Smitty unneedly (thankfully) prepared for Joaquin

Smitty unneedly (thankfully) prepared for Joaquin

Our time in Great Kills wasn’t all  bad, we did meet some great people, Marty and Lori on s/v Mako.  We snuck into the Great Kills Yacht Club with them for cheap beers, had some great NY style pizza, and waited to see if Hurricane Joaquin would hit us. In the end, Great Kills provided good protection from the gale as Joaquin turned east and went out to sea.

We left Great Kills with Mako and went back to Sandy Hook to wait for a break to head down to Manasquan Inlet.

Mako on our way back to Sandy Hook

Mako on our way back to Sandy Hook

Thankfully that weather window came after just one night.  The seas still looked a little high but the winds had died so the seas would settle as the days past and we made a break for it.

The seas were forecast to be 4 to 6 feet at 10 second periods.  After we rounded False Hook Shoal the forecast held for the most part with the occasional set of 8 footers. The seas were light and we motored sailed with the mainsail up on our way down to the inlet. The wildlife didn’t disappoint. First we saw a sea turtle.  Then we got a pod of 10-15 dolphins swimming on the waves about 30 feet behind the boat. It was great to slow down the boat and just watch them until they swam off on some other course.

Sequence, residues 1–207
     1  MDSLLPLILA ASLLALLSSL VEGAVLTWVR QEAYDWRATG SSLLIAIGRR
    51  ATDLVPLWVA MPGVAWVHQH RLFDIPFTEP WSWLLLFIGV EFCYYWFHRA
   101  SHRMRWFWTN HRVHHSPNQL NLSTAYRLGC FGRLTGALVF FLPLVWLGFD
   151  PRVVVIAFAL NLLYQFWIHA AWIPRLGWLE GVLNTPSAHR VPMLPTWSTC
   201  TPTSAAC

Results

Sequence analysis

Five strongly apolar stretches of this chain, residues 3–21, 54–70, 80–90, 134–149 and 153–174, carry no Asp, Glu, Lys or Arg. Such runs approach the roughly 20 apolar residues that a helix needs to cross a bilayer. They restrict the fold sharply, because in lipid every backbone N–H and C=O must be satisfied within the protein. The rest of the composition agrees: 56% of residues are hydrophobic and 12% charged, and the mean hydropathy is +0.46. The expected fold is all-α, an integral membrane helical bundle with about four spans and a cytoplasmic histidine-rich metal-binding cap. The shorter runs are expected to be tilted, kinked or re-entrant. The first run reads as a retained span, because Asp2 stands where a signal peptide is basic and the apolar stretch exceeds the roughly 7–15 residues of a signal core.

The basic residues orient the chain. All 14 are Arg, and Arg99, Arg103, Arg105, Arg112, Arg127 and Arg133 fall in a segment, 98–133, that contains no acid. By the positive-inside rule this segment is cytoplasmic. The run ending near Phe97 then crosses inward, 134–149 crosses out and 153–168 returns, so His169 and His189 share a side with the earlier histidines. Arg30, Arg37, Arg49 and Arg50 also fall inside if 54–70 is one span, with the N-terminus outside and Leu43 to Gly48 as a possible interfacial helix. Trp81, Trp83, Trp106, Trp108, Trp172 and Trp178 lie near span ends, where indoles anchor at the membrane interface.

We had a stowaway!

We had a stowaway!

Our first dolphin sighting!

Our first dolphin sighting!

When we got down to the inlet we saw why so many cruisers dislike this stretch of the trip south. The inlet was small and relatively narrow with large stone jetties on either side of the opening. Surfers were out on either side of the inlet.  We had to surf down the ways while shooting the gap between the jetties.  It was a little white knuckle at times but we got in and headed to tie up at Hoffman’s Marina. After taking a hot shower, we met up with a friend of mine from work, Mike.   Mike took us on a tour of the area, showed us were we could anchor if we  came back to the area and took us for a great dinner at a local Italian  place.